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    This module is included inLens: Siyavula: Languages (Gr. 7-9)
    By: SiyavulaAs a part of collection: "English Home Language Grade 9"

    Collection Review Status: In Review

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Balancing a budget

Module by: Siyavula Uploaders. E-mail the author

ENGLISH HOME LANGUAGE

Grade 9

MONEY MATTERS

Module 2

BALANCING A BUDGET

ACTIVITY 1:

Balancing a budget

[LO 5.2,2.2]

1. Discuss the following in your groups:

  • Do you receive pocket money?
  • How do you plan to spend any money you might receive?
  • If you get pocket money, is there any left at the end of the month?
  • Are savings important? If so, why (not)?
  • What is a budget?
  • How does one balance a budget?
  • What sort of expenses does the average person have each month?

How can these expenses be reduced?

  • Debate the pros and cons of receiving pocket money in your groups

ACTIVITY 2:

Identifying and analysing expenses

[LO 2.4]

  • Now your help is needed to sort out the money matters of the following fictional characters:

A. Alice Adams is a 32-year-old divorcee who lives with her two dogs in her own house. She is an IT expert and earns R6 000 a month (after taxes and insurance).

B. Peter Khumalo is a 26-year-old sales manager who earns a salary of R3 000 per month (after taxes and insurance). Peter is single and shares a two-bedroomed flat and household expenses with a friend. He is taking a part-time course in Marketing.

C. Nandi Naidoo is a 52-year-old domestic worker who earns R800 a month. She is a widow living in an informal settlement. She cares for her granddaughter, aged 5.

Divide your group of six into pairs.

Each pair in the group chooses one of the characters above.

Working with your partner, decide how much your character spends (in Rand) every month on each item. (You can add more items if you want to).

Draw up a list of monthly expenses.

Table 1
MONTHLY EXPENSES
Description Amount Description Amount
       
       
       
       
       
       

Assessment

Learning outcomes(LOs)

LO 2

Speaking

The learner will be able to communicate confidently and effectively in spoken language in a wide range of situations.

Assessment standards(ASs)

We know this when the learner:

2.1 communicates ideas and feelings creatively and expressively with a great degree of confidence and with limited assistance, using a range of selected oral types;

2.3 demonstrates basic skills in a range of oral text types;

2.4 demonstrates a range of interaction skills by participating actively in group discussions,

conversations, debates and group surveys, and while so doing:

  • 2.4.4 acknowledges others’ opinions and disagrees politely when necessary.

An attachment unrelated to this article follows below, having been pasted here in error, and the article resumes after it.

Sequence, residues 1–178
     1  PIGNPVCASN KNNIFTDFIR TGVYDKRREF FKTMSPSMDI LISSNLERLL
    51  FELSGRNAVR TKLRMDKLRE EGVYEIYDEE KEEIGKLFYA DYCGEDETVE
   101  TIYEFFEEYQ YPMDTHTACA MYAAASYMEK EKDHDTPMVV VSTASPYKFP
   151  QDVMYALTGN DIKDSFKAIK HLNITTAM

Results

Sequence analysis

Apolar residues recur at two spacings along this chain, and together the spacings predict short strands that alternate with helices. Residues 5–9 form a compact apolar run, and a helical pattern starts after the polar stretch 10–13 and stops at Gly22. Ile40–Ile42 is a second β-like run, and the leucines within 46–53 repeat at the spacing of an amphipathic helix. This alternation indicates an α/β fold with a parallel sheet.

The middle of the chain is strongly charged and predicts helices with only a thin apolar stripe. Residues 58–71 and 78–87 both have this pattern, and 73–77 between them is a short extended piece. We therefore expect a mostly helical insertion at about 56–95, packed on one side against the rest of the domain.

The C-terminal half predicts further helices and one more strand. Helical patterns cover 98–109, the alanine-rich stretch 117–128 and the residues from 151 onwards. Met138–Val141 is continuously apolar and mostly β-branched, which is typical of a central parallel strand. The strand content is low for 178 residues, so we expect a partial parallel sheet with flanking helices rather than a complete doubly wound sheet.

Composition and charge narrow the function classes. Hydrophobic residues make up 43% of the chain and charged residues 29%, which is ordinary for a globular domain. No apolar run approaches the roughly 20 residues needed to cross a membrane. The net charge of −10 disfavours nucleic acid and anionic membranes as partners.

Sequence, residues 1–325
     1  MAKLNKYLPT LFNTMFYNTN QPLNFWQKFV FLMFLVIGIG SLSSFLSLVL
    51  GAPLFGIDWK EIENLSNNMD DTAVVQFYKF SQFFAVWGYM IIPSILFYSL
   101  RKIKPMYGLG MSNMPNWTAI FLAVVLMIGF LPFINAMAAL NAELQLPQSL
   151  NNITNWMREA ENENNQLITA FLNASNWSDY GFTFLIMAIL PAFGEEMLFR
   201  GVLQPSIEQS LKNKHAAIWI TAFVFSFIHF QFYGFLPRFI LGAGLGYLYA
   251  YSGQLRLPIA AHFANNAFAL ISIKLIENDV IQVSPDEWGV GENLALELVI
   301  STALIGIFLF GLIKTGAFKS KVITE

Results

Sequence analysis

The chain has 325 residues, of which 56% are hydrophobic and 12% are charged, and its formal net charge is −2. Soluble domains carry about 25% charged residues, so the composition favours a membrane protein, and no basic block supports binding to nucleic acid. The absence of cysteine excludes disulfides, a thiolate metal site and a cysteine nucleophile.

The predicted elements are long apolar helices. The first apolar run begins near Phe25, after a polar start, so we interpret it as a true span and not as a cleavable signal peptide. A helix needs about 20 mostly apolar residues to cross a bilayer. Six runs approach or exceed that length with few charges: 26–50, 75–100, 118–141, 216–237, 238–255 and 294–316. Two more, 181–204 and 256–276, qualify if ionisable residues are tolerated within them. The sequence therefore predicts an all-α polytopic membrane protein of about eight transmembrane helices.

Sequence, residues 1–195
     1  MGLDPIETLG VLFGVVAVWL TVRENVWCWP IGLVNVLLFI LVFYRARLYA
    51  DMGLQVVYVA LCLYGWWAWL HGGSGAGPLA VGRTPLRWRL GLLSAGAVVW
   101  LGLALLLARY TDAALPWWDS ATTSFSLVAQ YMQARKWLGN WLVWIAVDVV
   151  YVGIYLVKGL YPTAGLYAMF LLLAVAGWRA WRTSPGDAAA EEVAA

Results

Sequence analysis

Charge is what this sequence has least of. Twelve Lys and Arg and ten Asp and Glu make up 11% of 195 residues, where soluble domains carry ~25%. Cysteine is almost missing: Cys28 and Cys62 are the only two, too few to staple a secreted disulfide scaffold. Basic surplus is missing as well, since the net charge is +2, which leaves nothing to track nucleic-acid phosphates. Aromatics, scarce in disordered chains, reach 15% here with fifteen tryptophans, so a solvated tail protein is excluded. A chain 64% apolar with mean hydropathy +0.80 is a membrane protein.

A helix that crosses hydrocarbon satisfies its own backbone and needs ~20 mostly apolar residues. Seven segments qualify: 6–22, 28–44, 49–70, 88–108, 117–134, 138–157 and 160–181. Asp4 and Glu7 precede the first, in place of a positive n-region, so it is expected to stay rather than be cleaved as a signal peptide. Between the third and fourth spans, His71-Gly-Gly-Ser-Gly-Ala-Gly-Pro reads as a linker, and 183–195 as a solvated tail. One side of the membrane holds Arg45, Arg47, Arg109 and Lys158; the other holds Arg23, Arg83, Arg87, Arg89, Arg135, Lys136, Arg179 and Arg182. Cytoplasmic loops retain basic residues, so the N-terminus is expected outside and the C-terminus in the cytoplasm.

Table 2
LEARNING OUTCOME 4
WritingThe learner will be able to write different kinds of factual and imaginative texts for a wide range of purposes.
We know this when the learner:
4.1 writes a range of imaginative texts:
  • 4.1.2 to explore the creative, critical and playful use of language by means of narrative and descriptive compositions, dialogues, poems, songs and letters;
4.2 produces a range of factual written and multi-modal texts (texts using print and images) for various purposes, using a range of visual, and design elements where appropriate by means of recounts of events, research project reports, pamphlets, posters and book reviews;
4.3 demonstrates basic skills in a range of features of writing appropriate to the text type (e.g. reveals character, establishes the setting and develops the plot in narrative writing, and uses simple imagery in poetry);
4.4 uses the writing process collaboratively and independently to generate texts:
  • 4.4.8 publishes final product, paying attention to creative presentation and varied elements of design.

Memorandum

ACTIVITY 1: BALANCING A BUDGET

1. After the groups have discussed the questions, let them report back to the class to ensure that each pupil understands the terms “budget”, “balance” and “expenses”.

Facilitate the group debate: make sure that quieter pupils are also involved.

ACTIVITY 2: IDENTIFYING AND ANALYSING EXPENSES

1. Discuss the three fictional characters with the class. Explain vocabulary e.g. IT-expert, domestic, insurance etc.Let each learner fill in a form (included) on their character – a useful exercise in reading, understanding and vocabulary. They may need some guidance on this. Where details are not known, let them make up the information. e.g. Employer’s name and address, ID numbers, etc.

Ensure that the learners identify the pictures correctly. The pictures represent: savings; telephone/interne; electricity/services; transport; food and drink/groceries; education; cigarettes; clothing; medical expenses; housing/rent; entertainment. They may choose to add other expenses or omit some of these, but must provide a reason for their choice.

The character’s income should be realistically allocated to cover these expenses. Learners may need guidance with this – encourage them to consult their peers, their

EMS educator or parents – but the final product must be their own work. Let them draw up a simple balance sheet.

2. Mark this to see how accurate they were.

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